the idea is that you can easily define a case (with all its metadata and associated content), design forms that are need to capture structured data, and model the business processes that the case goes through.
Once you have completed these design and modeling activities, xCP will automatically assemble a custom application with work queues, custom forms, work flows, and every thing else needed for your users to create and manage cases. In effect, you are building a custom application without writing any code.
And this is where the other key goal of xCP comes in – making it much easier to upgrade Documentum without breaking your custom application.
Preventing Upgrade Headaches Using a Declarative Model
One of the common complaints about Documentum is that when you customize it to meet your needs, it’s likely that your customizations will not work when the next version of the product comes along. This problem isn’t unique to Documentum – it’s common to all enterprise software applications.
This is a problem I know a lot about. Blue Fish builds custom applications on top of Documentum all the time (it’s our sweet spot), and while we have developed best practices to insulate our customizations from changes in the platform, sometimes it simply can’t be avoided. If you write an application in WDK and a couple of years later, EMC gets rid of WDK, you are pretty much screwed.
EMC’s approach to eliminating customization-related upgrade hassles is to eliminate the customizations themselves. They do this in xCP with what’s called a declarative model. WIth a declarative model, you express what you want the system to do, not how it should go about doing it.
Here’s how it works. Let’s say you need a form to capture the loan application we described earlier. With xCP, you use Forms Builder to drag the various fields onto a form and click various checkboxes to specify which fields are mandatory and such. Forms Builder saves this layout in an internal format that xCP interprets at runtime when it’s time to display the form.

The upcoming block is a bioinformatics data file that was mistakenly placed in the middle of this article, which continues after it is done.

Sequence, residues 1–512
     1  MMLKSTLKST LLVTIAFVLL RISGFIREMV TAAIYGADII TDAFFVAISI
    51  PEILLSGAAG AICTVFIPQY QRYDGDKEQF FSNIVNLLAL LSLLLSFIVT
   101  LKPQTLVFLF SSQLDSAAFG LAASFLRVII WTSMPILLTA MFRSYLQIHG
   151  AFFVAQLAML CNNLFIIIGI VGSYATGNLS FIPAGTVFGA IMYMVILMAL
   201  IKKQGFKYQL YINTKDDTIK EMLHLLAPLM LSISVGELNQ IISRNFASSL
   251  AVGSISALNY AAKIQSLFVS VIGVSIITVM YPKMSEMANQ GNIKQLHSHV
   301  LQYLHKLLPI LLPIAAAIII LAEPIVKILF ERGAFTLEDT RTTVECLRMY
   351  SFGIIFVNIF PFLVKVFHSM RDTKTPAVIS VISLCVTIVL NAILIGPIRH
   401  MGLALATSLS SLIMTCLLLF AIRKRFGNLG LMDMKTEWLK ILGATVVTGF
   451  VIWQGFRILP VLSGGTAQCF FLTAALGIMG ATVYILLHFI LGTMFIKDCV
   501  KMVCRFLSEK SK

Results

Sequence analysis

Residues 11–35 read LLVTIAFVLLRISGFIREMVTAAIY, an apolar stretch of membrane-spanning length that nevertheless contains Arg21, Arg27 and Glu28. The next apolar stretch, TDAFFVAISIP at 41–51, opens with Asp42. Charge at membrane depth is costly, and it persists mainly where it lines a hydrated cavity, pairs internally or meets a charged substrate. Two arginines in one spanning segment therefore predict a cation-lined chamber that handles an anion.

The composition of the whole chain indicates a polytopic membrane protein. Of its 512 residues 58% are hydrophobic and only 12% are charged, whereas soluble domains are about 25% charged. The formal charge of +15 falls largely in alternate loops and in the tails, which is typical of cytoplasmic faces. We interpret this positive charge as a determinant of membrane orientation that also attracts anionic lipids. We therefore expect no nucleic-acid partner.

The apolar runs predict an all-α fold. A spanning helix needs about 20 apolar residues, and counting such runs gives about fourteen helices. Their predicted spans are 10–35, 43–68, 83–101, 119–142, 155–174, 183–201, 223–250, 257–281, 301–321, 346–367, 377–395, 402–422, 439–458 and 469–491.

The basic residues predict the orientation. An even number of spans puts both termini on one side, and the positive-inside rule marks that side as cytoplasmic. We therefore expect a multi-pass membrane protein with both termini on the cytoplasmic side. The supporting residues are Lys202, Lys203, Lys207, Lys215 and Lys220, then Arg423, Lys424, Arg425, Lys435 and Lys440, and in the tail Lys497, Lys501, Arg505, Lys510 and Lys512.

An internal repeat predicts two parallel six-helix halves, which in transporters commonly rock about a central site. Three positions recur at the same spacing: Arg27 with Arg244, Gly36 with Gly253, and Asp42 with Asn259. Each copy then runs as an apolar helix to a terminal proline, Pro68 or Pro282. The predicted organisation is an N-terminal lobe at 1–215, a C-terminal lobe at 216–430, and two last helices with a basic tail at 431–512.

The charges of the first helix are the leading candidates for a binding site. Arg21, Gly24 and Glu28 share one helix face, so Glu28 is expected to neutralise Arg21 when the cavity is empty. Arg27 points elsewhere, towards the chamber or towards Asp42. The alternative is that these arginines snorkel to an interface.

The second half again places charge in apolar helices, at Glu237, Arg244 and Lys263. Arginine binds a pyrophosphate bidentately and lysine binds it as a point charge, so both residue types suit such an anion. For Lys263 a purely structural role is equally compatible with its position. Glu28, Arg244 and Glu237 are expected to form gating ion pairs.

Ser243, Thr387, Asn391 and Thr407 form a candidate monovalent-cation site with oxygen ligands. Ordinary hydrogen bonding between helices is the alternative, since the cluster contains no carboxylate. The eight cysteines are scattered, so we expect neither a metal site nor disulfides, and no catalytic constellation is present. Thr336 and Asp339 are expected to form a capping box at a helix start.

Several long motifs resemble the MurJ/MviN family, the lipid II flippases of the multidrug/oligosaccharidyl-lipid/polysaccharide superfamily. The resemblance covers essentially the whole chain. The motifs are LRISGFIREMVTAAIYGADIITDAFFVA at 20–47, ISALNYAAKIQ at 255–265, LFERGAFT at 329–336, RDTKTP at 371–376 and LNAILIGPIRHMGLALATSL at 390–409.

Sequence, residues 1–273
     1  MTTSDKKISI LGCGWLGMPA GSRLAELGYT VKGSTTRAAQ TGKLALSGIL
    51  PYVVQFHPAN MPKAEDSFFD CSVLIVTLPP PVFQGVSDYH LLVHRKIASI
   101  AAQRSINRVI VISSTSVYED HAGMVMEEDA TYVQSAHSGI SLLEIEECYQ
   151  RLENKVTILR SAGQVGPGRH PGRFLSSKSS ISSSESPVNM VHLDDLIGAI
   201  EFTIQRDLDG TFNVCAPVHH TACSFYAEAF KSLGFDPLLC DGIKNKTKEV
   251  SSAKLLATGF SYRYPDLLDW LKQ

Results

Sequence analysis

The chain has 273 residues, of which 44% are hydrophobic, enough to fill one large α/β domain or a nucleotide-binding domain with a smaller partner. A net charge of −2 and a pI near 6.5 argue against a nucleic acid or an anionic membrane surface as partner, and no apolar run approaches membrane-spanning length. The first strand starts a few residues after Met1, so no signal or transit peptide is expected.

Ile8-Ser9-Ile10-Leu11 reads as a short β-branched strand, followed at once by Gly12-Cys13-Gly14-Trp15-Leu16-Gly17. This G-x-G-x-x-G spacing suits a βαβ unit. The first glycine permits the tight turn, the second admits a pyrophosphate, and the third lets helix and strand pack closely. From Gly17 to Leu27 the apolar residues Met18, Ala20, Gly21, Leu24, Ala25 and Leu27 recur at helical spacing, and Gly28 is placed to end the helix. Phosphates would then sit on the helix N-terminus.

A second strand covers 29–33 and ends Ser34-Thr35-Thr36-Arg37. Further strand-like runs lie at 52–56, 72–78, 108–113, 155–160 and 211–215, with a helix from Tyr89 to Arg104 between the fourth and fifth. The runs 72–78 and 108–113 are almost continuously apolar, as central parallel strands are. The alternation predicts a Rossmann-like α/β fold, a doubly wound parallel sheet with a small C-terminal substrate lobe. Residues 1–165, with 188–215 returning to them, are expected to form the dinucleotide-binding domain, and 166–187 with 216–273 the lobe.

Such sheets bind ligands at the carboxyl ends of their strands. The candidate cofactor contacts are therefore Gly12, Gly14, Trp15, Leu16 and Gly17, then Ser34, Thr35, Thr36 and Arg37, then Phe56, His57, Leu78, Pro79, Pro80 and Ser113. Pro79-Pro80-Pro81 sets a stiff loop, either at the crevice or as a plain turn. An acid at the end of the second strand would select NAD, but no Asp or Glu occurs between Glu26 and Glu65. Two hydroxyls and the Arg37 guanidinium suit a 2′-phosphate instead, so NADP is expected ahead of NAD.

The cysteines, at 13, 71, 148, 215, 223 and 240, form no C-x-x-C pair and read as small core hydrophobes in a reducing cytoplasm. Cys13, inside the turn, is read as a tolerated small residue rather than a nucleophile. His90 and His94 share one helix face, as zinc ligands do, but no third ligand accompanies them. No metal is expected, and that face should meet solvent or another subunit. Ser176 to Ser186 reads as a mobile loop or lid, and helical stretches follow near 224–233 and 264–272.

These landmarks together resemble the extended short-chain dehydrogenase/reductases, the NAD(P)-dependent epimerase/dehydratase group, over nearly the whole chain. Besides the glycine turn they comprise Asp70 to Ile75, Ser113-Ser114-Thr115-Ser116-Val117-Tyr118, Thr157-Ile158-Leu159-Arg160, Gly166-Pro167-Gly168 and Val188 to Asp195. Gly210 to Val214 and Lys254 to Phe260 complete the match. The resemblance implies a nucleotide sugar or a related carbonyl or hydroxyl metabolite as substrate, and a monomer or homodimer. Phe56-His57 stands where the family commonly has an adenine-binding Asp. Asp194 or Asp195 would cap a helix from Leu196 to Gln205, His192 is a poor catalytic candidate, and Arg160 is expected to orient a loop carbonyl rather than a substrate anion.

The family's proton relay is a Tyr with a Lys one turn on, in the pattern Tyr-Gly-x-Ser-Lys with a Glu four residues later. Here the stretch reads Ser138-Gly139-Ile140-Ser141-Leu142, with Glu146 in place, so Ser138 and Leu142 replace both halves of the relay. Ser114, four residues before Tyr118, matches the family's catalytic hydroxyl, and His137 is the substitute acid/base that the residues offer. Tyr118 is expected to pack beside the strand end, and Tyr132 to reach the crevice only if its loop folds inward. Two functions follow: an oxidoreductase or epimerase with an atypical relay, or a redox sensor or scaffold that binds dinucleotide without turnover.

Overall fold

A year or two later, imagine that EMC completely changes the architecture of xCP, migrating it from a WDK application to a rich internet application like CenterStage. You shouldn’t have to redefine your form, because the new version of xCP will be able to read that same form layout file, and even though the form will look completely different in the new version of xCP, it will have all the same fields in the same layout.
By the way, this example isn’t that far-fetched. EMC is in the process of doing this very thing! When xCP 2.0 is released next year, it will be completely re-implemented using a rich internet application toolkit like ExtJS. But John promises that you won’t have to change any of your forms definitions, process definitions, data models, or any of the other xCP components that define your case management solution.
It’s important to note that this approach means you can’t customize xCP. If there isn’t a form control that you need, you’ll be out of luck. If the xCP designers didn’t anticipate your use case, you’re probably out of luck. If you don’t like the look and feel of the UI or the performance of the system, you’re out of luck. And while that might be scary for a crotchety old developer like me, for most of EMC’s customers, it’s a tradeoff they will gladly accept if it means fewer upgrade headaches.